To Eggs Benedict and back

by JM Curry

My husband’s head nods in rhythm with the jolting cab. It’s 2am and we’re sitting behind a Perspex screen wearing face masks, sops to the 2020 pandemic, Boris’ health precautions. The driver manoeuvres the truck along the Welsh country lanes, no doubt ruing the moment he answered the call. Two and a half hours later he’d found us! Our dog is nestled at our feet bemused by the turn of events. As are we! I turn to view our motor home, now sadly sitting atop the flat bed lorry. Oh! How naive were we to ignore that blinking red battery light on the dashboard.


Motor home newbies we enthusiastically brushed aside the little nag. After all we’d had it serviced just yesterday, or rather after going in for an oil change last Friday we collected our motor home on Tuesday. Duly serviced with four new tyres (cargo grade- I’d insisted. If I’m going to be in charge of a three and a half tonner I want to know it can stop!) What else could a twenty year old vehicle need other than tyres and a good dollop of Duckhams hey?


We’d asked the advice of our friend and mechanic.


“Well that hole under the step might need seeing to.”


“Uh Huh! But looking pretty good otherwise?”


“And that rubber there, that’s perished- see where the oil is leaking out.”


Our enthusiasm hardly dimmed. “Uh Huh! Apart from that, looking pretty good, yes?”

 

“You need a new cv boot on your front nearside. And those two brake pipes need to be replaced.”


I nodded knowledgeably whilst my husband made a note.
“And see this under here- phfaw! Put my hand straight through that- totally rusted. That’s too near the jack point- have to get that done. You don’t seem to have reversing lights either.”


Hubby looked rather pale now.
 

I rallied to the cause, “OK, so apart from those two spots of welding, a complete service, four new tyres, a new cv boot and two brake pipes, check reversing lights- looking pretty good? Yeah?”

 

“Your horn doesn’t work. That’s peculiar.”


“It’s big enough, they will surely see me coming!” I chuckled and hubby smiled weakly. Spirit undaunted I proffered, “alright so let’s review the situation then: apart from those two spots of welding, a complete service, four new tyres, a new cv boot and two brake pipes, check reversing lights and horn, looking pretty good? Yeah?”


“Oh! Sure. It’s clean. Quite impressed. Got a new gear box too and someone’s done the repairs to the rear properly.”
Hurrah! That’s the answer we’d been waiting for! Hubby perked up.


And so four days in the garage, works duly completed off we set for a week in North Wales in Monty motor home. Twenty years old, we already love our baby.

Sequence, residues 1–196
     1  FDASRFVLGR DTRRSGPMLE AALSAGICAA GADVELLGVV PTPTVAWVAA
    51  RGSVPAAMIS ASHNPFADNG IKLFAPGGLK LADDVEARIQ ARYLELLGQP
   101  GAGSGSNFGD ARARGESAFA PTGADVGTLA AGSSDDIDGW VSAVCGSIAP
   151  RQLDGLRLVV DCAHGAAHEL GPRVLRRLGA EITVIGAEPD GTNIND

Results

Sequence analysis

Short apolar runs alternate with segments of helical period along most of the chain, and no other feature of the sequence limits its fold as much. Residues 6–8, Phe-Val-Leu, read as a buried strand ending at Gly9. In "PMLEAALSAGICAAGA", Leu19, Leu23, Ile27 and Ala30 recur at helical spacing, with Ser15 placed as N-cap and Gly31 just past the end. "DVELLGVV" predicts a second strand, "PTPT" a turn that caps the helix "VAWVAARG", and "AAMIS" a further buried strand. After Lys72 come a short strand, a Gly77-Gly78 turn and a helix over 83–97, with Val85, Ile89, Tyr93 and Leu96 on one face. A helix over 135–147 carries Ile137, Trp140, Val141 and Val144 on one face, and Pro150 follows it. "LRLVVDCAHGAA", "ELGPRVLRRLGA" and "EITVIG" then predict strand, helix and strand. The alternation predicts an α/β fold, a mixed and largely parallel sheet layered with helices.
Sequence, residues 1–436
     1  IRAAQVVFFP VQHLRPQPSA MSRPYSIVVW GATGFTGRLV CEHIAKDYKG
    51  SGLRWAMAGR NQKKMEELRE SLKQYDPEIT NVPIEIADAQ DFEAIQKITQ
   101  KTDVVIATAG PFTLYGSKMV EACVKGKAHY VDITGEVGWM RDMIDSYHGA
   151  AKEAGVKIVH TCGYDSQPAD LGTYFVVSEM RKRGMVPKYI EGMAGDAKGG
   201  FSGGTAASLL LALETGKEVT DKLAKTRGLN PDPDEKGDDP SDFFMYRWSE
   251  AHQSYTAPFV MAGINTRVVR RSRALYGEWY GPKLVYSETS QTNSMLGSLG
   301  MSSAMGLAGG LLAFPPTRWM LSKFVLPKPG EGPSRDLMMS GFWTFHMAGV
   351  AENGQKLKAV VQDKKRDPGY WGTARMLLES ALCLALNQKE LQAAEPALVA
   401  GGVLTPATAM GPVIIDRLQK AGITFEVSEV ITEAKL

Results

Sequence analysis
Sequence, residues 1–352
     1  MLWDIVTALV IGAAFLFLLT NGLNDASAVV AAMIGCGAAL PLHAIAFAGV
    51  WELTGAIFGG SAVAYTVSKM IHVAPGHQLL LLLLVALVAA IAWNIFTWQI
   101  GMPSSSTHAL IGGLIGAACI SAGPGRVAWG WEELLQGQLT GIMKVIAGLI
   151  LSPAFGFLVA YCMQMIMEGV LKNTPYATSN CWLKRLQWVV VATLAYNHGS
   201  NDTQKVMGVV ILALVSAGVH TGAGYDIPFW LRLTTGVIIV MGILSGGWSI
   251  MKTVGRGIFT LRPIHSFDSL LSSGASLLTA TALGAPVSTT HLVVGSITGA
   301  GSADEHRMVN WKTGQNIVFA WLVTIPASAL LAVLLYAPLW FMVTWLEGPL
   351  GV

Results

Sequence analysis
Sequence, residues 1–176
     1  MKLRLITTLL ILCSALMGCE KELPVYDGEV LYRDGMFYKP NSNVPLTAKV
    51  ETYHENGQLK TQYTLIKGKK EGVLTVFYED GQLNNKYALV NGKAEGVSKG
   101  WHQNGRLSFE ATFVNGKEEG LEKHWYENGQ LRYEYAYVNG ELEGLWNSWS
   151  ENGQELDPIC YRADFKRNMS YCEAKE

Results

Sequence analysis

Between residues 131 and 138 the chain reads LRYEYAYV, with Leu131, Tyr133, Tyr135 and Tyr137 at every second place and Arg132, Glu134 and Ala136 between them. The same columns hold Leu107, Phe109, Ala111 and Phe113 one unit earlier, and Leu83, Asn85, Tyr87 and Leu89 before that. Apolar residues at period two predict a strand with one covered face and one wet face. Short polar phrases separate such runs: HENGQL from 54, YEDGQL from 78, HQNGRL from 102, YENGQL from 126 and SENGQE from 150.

I drove, hubby navigated. I noticed a red light, indicating battery. We were perplexed- how come? Starts first time, definitely strong battery. The garage never said anything. “Must be on charge,” hubby and I agreed. I soon adjusted to the width and length of the vehicle and eventually I mastered the gear box. (I drive an automatic and struggle to adjust to a manual car- this was a whole different beast!) Changing gear was harder work than I wanted but I quite enjoyed it. My knees begged to differ but I whacked down some paracetamol and ibuprofen, ignoring the pain and enjoyed the challenge. I felt a bit like shouting 10:4 across the air waves as I bobbed along the country lanes. (An image of a ‘rubber duck’ and a ‘bear in the air’ kept popping into my head. I had to explain it to the navigator- a 70’s song reference.) We made our destination, an oldie worldy pub near Welshpool by tea time.  Our friends had stayed the week before and recommended the amazing food. It had an award winning chef and the Eggs Benedict was the best ever tasted. My friend would know- being a bit of a foody.


Pulling in there was no convenient electric hook up for us. That was fine; we’d use our stored solar power, if we could just work out how to use it! Glass of Champers to celebrate and beans on toast. We made up our bed and turned in under clear starlit skies and the raucous cawing of a rookery (which was actually rather annoying but we were the invaders of the corvids’ territory and they quietened at nightfall.) It was September but still warm enough to leave the door open. I called my goodnights through the fly screen door into the balmy night air. “Nos da pawb.” Got to give the lingo a go. Only the sheep heard and they didn’t appear to speak Welsh.
Good night’s sleep. Off for breakfast.


“Heard all about your chef.” I said to the Landlord.


“Agh! Sorry. Wednesday’s his day off. What can I get you?”